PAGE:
POSC 475: Model United Nations Notes
POSC 475: Model United Nations Notes posc 475
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This 3 page Class Notes was uploaded by Shaquese Brodie on Thursday February 18, 2016. The Class Notes belongs to posc 475 at University of Delaware taught by in Spring 2016. Since its upload, it has received 15 views. For similar materials see Model UN in Political Science at University of Delaware.
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Date Created: 02/18/16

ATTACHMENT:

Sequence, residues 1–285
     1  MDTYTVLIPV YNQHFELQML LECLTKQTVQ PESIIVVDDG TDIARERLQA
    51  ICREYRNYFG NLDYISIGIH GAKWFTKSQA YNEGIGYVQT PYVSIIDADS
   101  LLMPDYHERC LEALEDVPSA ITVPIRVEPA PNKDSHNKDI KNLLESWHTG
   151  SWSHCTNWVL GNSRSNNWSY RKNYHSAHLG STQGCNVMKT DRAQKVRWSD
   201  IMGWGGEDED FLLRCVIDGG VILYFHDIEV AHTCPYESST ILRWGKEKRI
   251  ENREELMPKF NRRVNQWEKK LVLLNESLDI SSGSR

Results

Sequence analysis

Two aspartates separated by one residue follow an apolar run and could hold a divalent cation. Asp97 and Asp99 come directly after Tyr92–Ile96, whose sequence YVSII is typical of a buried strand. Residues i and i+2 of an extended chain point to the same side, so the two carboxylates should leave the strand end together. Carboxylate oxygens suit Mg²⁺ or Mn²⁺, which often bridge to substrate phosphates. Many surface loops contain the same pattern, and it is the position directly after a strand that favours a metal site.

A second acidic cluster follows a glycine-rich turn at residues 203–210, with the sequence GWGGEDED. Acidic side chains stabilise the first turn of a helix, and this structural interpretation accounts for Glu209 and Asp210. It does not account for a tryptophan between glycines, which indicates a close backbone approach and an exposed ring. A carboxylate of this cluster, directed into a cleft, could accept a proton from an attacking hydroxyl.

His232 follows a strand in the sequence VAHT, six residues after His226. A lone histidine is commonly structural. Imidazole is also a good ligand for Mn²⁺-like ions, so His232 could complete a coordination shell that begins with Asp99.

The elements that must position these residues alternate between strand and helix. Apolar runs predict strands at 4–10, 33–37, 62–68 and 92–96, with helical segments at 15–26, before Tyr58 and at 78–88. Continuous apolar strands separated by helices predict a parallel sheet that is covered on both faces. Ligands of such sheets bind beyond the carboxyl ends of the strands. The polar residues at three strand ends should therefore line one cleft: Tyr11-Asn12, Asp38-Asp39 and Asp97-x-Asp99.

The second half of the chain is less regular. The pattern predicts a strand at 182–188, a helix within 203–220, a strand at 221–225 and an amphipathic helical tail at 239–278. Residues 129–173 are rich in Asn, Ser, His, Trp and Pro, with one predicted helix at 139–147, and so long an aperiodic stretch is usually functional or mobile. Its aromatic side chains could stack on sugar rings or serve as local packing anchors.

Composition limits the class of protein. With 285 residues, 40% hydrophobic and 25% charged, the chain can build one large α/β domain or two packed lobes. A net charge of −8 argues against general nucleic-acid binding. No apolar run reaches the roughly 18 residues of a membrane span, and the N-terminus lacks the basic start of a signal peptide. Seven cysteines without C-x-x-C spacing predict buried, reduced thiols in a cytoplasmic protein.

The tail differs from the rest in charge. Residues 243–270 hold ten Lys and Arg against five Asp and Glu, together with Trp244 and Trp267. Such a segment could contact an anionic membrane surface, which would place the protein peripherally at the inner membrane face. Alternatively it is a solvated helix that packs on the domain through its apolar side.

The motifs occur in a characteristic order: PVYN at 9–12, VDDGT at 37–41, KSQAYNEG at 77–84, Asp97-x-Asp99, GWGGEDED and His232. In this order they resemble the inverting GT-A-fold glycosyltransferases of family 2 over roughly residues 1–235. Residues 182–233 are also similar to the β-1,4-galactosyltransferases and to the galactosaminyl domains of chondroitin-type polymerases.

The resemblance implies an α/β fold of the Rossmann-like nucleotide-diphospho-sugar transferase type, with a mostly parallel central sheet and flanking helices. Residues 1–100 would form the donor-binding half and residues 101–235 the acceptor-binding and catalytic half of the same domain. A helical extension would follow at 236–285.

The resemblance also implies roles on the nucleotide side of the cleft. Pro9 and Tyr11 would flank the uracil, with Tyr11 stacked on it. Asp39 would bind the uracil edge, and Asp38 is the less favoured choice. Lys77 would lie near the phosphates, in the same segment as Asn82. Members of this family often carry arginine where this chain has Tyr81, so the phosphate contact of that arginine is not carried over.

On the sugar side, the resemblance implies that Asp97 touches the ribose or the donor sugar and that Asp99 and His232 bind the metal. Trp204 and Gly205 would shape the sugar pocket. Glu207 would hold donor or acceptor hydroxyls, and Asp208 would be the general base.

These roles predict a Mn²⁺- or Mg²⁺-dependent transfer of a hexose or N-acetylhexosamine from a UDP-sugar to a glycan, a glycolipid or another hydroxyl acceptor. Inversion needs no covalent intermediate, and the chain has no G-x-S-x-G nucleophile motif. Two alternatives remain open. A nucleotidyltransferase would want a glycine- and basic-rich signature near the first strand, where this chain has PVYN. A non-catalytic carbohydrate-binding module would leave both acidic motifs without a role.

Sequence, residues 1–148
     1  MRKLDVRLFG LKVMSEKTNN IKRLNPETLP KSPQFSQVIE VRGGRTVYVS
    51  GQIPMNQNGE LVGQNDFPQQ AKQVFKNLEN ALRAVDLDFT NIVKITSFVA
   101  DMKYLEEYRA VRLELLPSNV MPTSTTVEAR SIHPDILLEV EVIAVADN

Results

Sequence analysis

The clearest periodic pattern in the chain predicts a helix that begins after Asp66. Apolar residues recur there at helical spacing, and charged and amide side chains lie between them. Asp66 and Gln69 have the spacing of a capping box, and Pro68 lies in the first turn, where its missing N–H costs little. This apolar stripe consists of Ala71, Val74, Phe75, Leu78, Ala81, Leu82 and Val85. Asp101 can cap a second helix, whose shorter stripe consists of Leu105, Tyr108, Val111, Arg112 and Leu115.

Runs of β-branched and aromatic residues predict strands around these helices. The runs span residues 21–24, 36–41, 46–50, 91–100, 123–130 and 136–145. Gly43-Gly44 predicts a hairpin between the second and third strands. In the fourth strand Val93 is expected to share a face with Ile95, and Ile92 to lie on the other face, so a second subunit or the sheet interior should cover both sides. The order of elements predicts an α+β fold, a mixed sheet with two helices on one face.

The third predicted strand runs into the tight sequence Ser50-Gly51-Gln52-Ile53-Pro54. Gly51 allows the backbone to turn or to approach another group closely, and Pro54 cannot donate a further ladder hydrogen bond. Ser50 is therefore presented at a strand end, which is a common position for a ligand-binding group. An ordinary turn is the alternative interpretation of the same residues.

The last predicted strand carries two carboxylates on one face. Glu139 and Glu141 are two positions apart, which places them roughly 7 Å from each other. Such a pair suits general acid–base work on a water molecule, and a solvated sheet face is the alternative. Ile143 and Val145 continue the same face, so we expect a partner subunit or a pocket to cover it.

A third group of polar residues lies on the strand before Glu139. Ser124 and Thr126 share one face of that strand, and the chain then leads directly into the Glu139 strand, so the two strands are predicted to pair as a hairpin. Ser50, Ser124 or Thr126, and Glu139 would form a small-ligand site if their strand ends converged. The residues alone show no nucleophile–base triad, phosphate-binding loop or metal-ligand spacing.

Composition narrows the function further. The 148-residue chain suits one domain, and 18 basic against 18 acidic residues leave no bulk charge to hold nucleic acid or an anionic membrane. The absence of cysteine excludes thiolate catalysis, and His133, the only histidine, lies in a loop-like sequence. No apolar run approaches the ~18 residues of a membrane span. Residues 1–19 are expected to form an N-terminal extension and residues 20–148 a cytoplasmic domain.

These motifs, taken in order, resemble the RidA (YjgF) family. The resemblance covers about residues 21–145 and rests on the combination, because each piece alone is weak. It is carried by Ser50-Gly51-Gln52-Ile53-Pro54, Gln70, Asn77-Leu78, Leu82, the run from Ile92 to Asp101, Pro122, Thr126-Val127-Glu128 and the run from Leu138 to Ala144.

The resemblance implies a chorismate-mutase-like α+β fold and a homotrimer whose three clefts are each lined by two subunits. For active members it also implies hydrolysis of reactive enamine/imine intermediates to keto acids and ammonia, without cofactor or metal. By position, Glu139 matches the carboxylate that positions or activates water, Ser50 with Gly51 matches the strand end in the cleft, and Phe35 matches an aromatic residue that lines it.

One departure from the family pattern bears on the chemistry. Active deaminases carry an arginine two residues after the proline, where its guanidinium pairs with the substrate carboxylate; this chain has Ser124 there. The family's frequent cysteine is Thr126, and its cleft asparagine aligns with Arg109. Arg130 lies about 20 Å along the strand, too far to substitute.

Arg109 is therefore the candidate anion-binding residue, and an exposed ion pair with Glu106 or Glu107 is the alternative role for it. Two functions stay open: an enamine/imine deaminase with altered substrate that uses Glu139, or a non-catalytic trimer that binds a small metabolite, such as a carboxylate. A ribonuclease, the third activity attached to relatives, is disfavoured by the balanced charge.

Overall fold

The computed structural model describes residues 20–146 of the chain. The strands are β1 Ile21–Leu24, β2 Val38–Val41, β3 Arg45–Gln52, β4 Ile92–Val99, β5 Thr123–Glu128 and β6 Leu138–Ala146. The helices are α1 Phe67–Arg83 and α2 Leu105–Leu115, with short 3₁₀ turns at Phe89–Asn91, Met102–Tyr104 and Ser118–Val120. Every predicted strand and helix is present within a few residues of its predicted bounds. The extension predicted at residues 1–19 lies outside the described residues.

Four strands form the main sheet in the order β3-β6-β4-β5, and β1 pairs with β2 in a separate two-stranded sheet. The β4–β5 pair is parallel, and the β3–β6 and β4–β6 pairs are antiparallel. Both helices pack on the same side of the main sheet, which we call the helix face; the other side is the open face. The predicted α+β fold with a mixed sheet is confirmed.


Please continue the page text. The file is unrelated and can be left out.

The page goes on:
Model UN Notes 2/10/2016 United Nations, at a glance Purpose of the UN Maintain international peace and security Cooperate in solving international problems and promoting human rights Develop friendly relations among states Be a center for harmonizing the actions of nations Where is started Follows political principles of Immanuel Kant US president Woodrow Wilson and "14 points" o Need to have a set of rule so that states of the world can prevent having another world war Creation and failure of League of Nations WWII conferences and drafting of UN Charter o Declaration of St. James & Atlantic Charter o Dumbar & Oaks conferences: where the great powers wanted the post WWII world to look like San Francisco conferences: Drafting of UN Charter, 51 countries signed Structure of UN General Assembly Security Council o The face of the UN, "president" of the UN Economic and Social Council o Environment, gender issues, ect Trusteeship Council International Court of Justice Secretariat 15 specialized agencies and 24 UN programs make up "UN System" UN Operationalization Regular/ core budget o Countries donate money Peacekeeping budget o 8 billion dollars International criminal tribunal budget Capital fund for UN headquarters There are currently 193 members of the UN Shows the rise of developing countries in the world UN impact on World Politics Peacekeeping as a response to breakdown of Great Power unity Disarmament and arms control as approaches to peace Movement towards selfdetermination; collective legitimation Northsouth divide UN and IR theory Realism = states matter o State interest matter Liberalism/neoliberal institutionalism = institutions shape state interests o The goals of the United Nations help shape the interests of the states o Used by the state to leverage their own interests Constructivism = norms/socialization o If states agree to practice something, it becomes a "norm", normal thing that becomes a regular practice o States use the UN to become more of a state UN Dilemmas Need for governance v. UN weakness Sovereignty v. Challenges to Sovereignty o NGOs pose as challenges to the UN Need for global leadership o With so many actors in the world, it becomes difficult to decide who should take the lead 2/17/2016 UN Security Council Dynamics Role of the US Site for collective legitimation Typically ambivalent about role of and in UN UN importance varies depending on President/Party in power Role of USSR/Russia Ideological difference between other P5 members lead to largely negative role Attempts to preserve Cold War influence and interests Domestic political matters France and UK Significant donors and generally support large UN thematic areas Differ in how they believe other states should be influenced Differ in idea of "common European position" UK occupies more of a leadership role between the two Role of China Originally kept low profile; UN as a site of prestige Still struggles with human rights and environmental issues Territorial integrity issues 2 Practice of abstaining Japan and Germany Losing WWII = delayed membership Made domestic constitutional concessions to increase role in UN Aspire permanent seats on security council Emerging powers and small states Major contributors to thematic areas May face less domestic scrutiny Play larger regional roles Socialization forum; interest aggregation Coalition and consensus "equitable geographic distribution" : Aliening with member states in you region Cohesion among sub regions, common interests Given crowded agenda, provides order and coherence Dynamics between p5 and elected members Power of veto/power asymmetry (another forum for great power politics?) P5 competitive advantage vs. elected members Subjective action Expanding scope of security council activities Elected Security Council members Play important role when security council is apathetic "sixth" power of veto: collective "no" vote by 7 members Elected member security council actions can mean bilateral implications Positive security council dynamic developments Increased coverage in thematic work Improved transparency Increasingly clear view on informal processes of security council Elected members become "penholders" 3
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